Tuesday, January 20, 2009

As iGoogle and Yahoo! Get Socialized, Will Facebook Get Portalized?

Techcrunch is writing about how iGoogle gadgets are getting social features and VentureBeat is writing about how Google's profile feature and Yahoo!'s FriendFeed feature. Clearly the two largest portals are adding social features: they already have plenty of users, tons of widgets, and are the default browser home page for millions of users — why not add these new features to keep them there even longer?

Portals built their business on the idea that there was money to be made making the web easier to manage for the average user by aggregating data and providing a defined starting point. With the growth of RSS feeds and widget technology, portals have become even more sophisticated, but the addition of social features — the ability to create a profile and start building a “social graph” — gives users one more reason to keep coming back.

But why isn’t Facebook adding portal features to its homepage? Sure, the big long friend activity feed on Facebook is interesting, but as you scroll down there is a bunch of white space to the right. It seems like and obvious competitive move for Facebook to allow people to add weather forecasts, stock quotes, movie listings, their RSS feeds, etc. Facebook already has the widget framework, the API, and the developer community that can create these widgets. This way Facebook has the opportunity to become the default home page for people, and can fight Google and Yahoo! on their turf - while it defends its own.

Friday, January 16, 2009

SpringWidgets, Flektor, Sprout Dead - The End of the Flash Widget?

I have long maintained that Flash widgets are a nonstarter on all the growth areas of the net - social networks like Facebook and MySpace which use FBML and OpenSocial, portals like iGoogle which uses Google Gadgets, and mobile platforms like the iPhone and G1 that use native APIs. In the past few days, Fox Interactive announced that it is shutting down Flektor and SpringWidgets, which is an obvious move since these properties are not compatible with MySpace's OpenSocial API, and SproutBuilder is shutting down its free service in order to target ad agencies, which focus mainly on banner ads rather than full-fledged widgets. The only area where Flash widgets are competitive is embedded in websites and blogs, and Clearspring, Widgetbox and Gigya all have excellent solutions for distributing and tracking such widgets "in the wild".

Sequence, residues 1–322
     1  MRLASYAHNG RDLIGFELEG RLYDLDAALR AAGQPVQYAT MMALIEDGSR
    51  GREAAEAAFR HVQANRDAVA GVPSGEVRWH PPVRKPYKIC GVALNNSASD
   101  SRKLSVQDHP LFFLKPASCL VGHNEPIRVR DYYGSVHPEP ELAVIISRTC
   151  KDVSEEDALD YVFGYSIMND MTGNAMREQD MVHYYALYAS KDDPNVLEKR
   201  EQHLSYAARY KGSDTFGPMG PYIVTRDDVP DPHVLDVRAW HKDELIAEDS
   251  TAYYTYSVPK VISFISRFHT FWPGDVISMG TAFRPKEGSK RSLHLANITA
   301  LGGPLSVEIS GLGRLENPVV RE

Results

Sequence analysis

At iWidgets we are strongly committed to delivering the next generation of deeply integrated widgets for the growth destinations where content sites want to be like Facebook, MySpace, iGoogle, and iPhone. Each of these platforms provides great APIs for destination-specific features like viral channels, caching, and native components. We will definitely maintain our free widget solution, as it is very cheap for us to host via Amazon's EC2 and provides us with invaluable advertising and cross-promotion space, and our paid offering is pay-for-performance rather than hosting charges. Our customers have validated that native widgets, advertising-based free widgets, and pay-for-performance premium widgets is the way to go, and it is our job to continue to add features and refine the user experience so that more and more content sites can grow through off-domain impressions.

Tuesday, January 13, 2009

The Widget Stampede at CES - Yahoo! Connected TV + Palm Pre